Stan & Ollie is the Jon S. Baird directed biography of Laurel and Hardy, the world’s most famous comedy duo.
Starring John C. Reilly and Steve Coogan, the film follows the pair as they embark on a gruelling theatre tour of post-war Britain.
I recently watched a Wired interview on their YouTube channel where the question of whether John C. Reilly had won any awards came up. The answer was no. Fingers crossed that this movie is good enough to change that.
I’m in for the story of a great friendship and because I’ve been a Reilly fan ever since his great work in Magnolia (1999).
Stephanie Hyam, Shirley Henderson, Danny Huston, Nina Arianda and Rufus Jones also star.
I never, ever thought I’d say this, but it’s official, the minion magic no longer works on me. The minions are not even in Despicable Me 3 that much but long gone is the version of myself that would literally squeal with delight at the mere sight of them. Now they’re more like a favourite song played over and over again that I can kind of no longer stand.
I actually found myself adequately bored in parts as I watched Despicable Me 3. The main reason being, my favourite moments in the movie were the ones I already saw in the teaser trailer with the Michael Jackson loving super villain, months earlier. One of the newest things in this instalment, namely the introduction of one of Gru’s relatives unfortunately felt a little too much like a desperate attempt to find any reason, any reason at all to keep the franchise going.
Just to be clear, I’m definitely not saying that Despicable Me 3 is terrible, generally speaking. I’m saying that I didn’t love it because it felt tired and I’m over all the characters; most surprisingly to myself, I’m tired of the minions.
Immediately below are just some of the thoughts that went through my mind as the credits rolled. In some ways, I really should have known.
‘What was I thinking?’
‘Why was I looking forward to this when I knew that I never really enjoyed the first two Despicable Me movies anyway?’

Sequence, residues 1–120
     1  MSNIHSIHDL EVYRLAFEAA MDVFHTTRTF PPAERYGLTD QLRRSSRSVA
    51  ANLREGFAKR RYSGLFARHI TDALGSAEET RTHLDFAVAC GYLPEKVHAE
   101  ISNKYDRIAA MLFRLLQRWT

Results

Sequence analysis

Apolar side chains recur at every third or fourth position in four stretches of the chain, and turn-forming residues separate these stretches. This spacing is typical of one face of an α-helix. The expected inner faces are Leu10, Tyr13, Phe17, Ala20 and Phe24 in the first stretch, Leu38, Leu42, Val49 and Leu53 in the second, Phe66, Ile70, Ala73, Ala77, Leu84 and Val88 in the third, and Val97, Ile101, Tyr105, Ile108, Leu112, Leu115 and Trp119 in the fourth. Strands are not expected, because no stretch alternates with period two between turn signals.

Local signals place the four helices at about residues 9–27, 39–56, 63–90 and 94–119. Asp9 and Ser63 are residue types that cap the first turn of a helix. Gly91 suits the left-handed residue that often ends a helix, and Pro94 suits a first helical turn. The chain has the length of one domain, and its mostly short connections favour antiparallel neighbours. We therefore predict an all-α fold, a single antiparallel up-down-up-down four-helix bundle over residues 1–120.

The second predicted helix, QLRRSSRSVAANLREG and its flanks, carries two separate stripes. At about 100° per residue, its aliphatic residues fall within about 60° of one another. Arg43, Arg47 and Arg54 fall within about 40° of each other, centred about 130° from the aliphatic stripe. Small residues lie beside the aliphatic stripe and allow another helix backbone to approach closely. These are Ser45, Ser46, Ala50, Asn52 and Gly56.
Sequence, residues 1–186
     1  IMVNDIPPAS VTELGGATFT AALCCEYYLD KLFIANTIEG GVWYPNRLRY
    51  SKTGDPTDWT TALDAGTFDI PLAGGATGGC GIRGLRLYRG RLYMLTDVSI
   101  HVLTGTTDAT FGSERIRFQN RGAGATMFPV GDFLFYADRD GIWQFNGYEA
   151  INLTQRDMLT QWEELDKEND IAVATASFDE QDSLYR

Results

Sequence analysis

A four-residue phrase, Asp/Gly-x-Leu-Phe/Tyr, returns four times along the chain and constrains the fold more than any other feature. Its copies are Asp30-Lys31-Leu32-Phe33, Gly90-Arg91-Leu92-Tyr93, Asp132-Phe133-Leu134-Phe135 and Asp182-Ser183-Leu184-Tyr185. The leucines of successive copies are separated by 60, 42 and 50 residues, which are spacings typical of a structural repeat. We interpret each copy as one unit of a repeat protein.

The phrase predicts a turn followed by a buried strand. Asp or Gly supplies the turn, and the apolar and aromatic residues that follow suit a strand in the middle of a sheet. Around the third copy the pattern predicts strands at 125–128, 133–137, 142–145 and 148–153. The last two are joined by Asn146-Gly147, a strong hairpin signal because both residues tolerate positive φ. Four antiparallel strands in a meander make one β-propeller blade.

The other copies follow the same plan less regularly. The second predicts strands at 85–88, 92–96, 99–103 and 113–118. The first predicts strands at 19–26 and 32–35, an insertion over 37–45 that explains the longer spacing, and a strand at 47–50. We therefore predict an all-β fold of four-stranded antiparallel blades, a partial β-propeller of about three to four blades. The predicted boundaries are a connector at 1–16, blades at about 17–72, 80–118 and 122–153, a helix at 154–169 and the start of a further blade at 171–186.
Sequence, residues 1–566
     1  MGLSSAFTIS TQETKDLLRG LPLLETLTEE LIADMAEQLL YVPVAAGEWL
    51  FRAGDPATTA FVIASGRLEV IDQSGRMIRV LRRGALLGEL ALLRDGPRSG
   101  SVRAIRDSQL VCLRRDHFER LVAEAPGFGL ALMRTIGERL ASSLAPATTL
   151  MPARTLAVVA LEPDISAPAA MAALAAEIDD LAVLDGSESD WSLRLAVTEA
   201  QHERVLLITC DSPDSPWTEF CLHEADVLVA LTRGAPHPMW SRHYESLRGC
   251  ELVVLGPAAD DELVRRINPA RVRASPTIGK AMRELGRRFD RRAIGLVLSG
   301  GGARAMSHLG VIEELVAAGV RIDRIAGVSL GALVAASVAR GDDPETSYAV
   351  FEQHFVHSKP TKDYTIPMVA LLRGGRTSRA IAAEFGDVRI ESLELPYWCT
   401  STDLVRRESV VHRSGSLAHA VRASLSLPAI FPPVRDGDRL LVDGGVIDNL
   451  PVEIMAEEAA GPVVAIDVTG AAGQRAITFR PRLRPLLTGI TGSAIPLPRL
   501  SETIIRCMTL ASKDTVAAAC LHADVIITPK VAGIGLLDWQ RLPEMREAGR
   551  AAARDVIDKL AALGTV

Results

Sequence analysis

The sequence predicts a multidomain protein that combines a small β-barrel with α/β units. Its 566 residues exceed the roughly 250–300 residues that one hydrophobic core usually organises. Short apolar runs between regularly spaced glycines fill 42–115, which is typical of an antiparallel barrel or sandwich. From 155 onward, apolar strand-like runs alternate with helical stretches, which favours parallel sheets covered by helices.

‘I simply must have forgotten that the minions were the ones I really loved (back then) – not super villain Gru and his children.’
If you’re super intrigued, watch it and see how you like Despicable Me 3.
Based on a novel by Herman Koch, The Dinner which stars Rebecca Hall, Richard Gere, Laura Linney and Steve Coogan is a mystery/ thriller about how far parents will go to protect their children when they do something unspeakable…
Directed by Oren Moverman and also starring Chloë Sevigny, I trust that this will be good. The main draw besides the interesting premise is Laura Linney. The lady always impresses. Always!
I love funny people so I knew I’d have a good time watching writer/ director Kevin Pollak’s documentary, Misery Loves Comedy. It’s a film that has a mixture of funny people from comedians to actors and filmmakers all answering the question: ‘Do you have to be miserable to be funny?’
I’ll start by saying that I had a good time overall but I did find some of the editing a tad odd, especially in the first two thirds. Secondly, maybe because I already know plenty about funny people and thats why I didn’t feel as enlightened by what most of the comics had to say. Thirdly, the number of people featured is a lot. Perhaps it would have been more interesting had the documentary been about a handful of celebrated funny people, therefore allowing for more in depth interviews and probably less jarring editing. Last but not least, as much as I love Steve Coogan, Richard Lewis, Amy Schumer, etc., it didn’t help that nearly none of my favourites comics made an appearance in this documentary; Louis C.K. to name just one.
The part I loved the most in Misery Loves Comedy is towards the end because that’s when the comics finally answer the question of whether one needs to be miserable to be funny. Another way to ask the question is ‘whether a person is born funny or if it’s something they develop.’ One of the best answers I’ve heard isn’t actually in this documentary, but in a Kjersti Flaa interview with Louis C.K. where C.K.’s response is…
‘I definitely don’t think you can be born funny. Funny happens to you. It’s like you can’t be taught how to be emotionally a wreck. Funny is a defence mechanism.’
Amen to that is what I say! Sometimes it’s a matter of whether you find a way to focus on the funny side or you wallow – and sometimes if you cant quite see the funny side, it’s wise to let yourfavourite funny person help you do that and/ or take your mind elsewhere.
Watch Misery Loves Comedy because you’re curious about funny people. It may not feature all your top favourite comics, but you’ll enjoy the entertaining company nonetheless.